A new study1, from Lucas Garibaldi and co-workers, found that increased pollinator visitation makes an important contribution to closing yield-gaps worldwide.
With data from 344 field over three continent, Africa, Latin America and Asia, studied over 5 years, the authors analysed how flower visitation frequency and flower visitor diversity affected yield in 33 crop systems. They found that for fields less than 2 hectares, yield gaps could be closed by a median of 24% through higher flower-visitor density. For larger fields, such yield benefits were only present if these fields also had a high flower-visitor richness. The rest of the yield gap should be closed by a variety of techniques aiming at increasing efficiency of water and nutrient usage etc.
The study concludes that using ecological intensification to increase pollination services was most effective for small-holders. To increase pollinators in the landscape a combination of practices need to be used, as the effectiveness of each technique will be context dependent. Those can include; sowing flower strips2 and planting hedgerows, providing nesting resources, more targeted use of pesticides, and/or restoration of semi-natural and natural areas. By using pollination as a case study, the study showed that ecological intensification can benefit both biodiversity and crop yields worldwide.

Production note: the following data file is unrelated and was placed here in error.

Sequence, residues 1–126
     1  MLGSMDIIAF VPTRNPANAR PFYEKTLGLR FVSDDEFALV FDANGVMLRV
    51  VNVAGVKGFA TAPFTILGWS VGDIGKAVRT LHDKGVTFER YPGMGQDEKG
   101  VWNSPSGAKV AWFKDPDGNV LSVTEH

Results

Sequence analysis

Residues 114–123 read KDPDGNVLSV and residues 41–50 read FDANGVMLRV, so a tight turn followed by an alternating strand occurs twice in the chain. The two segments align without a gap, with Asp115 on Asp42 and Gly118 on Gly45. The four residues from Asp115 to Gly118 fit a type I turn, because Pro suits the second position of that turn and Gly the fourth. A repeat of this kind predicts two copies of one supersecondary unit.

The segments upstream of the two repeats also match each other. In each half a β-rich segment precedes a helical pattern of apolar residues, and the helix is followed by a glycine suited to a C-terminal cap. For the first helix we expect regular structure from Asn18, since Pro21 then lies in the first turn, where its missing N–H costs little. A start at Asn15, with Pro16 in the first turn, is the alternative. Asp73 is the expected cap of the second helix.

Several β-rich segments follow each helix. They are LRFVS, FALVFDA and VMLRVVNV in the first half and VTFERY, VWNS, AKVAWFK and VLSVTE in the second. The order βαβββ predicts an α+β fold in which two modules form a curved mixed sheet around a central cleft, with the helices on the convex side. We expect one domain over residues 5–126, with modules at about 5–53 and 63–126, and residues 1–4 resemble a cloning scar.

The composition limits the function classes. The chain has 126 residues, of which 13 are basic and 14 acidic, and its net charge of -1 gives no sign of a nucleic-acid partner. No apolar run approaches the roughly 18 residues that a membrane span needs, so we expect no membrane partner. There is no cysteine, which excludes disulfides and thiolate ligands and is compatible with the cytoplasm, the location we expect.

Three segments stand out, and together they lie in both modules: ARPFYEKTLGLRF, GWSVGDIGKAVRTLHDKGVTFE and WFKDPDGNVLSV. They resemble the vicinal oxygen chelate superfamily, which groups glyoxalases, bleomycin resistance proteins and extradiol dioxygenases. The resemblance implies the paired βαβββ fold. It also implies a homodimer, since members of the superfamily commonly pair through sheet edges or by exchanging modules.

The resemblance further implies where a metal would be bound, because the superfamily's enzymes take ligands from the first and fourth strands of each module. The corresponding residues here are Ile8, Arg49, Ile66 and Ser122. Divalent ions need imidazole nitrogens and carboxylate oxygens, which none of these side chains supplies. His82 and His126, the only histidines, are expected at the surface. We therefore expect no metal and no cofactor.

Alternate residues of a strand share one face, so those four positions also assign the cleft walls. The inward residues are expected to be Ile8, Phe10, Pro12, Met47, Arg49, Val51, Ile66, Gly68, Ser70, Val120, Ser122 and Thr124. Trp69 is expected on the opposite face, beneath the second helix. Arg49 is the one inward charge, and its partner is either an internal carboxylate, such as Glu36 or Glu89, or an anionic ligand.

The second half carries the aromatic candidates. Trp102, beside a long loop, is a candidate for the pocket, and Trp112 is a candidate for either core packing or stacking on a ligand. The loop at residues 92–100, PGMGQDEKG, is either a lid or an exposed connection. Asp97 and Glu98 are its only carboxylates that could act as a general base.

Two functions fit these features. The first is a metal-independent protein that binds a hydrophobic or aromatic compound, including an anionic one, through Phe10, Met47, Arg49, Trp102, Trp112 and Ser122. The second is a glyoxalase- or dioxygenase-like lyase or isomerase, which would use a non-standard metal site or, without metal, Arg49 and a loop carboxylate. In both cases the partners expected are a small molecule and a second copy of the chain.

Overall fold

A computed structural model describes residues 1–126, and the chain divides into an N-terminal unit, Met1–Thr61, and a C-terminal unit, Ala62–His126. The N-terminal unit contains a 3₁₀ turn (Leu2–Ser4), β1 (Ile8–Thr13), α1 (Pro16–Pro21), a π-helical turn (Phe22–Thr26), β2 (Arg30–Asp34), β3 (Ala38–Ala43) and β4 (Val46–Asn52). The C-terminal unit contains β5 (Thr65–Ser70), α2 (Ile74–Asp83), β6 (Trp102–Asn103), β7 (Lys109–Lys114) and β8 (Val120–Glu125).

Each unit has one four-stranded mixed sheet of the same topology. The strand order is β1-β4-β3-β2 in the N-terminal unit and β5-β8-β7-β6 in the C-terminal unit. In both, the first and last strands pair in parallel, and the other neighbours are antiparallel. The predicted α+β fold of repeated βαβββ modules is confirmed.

1. Garibaldi LA, Carvalheiro LG, Vaissière BE, Gemmill-Herren B, Hipólito J, Freitas BM, Ngo HT, et al. 2016. Mutually beneficial pollinator diversity and crop yield outcomes in small and large farms, Science 351: 338-391.
Go to the publication page of Lucas Garibaldi to find the publication and data.
2. Annelie M. Jönsson, Johan Ekroos, Juliana Dänhardt, Georg K.S. Andersson, Ola Olsson, Henrik G. Smith, 2015, Sown flower strips in southern Sweden increase abundances of wild bees and hoverflies in the wider landscape, Biological Conservation. 184: 51-58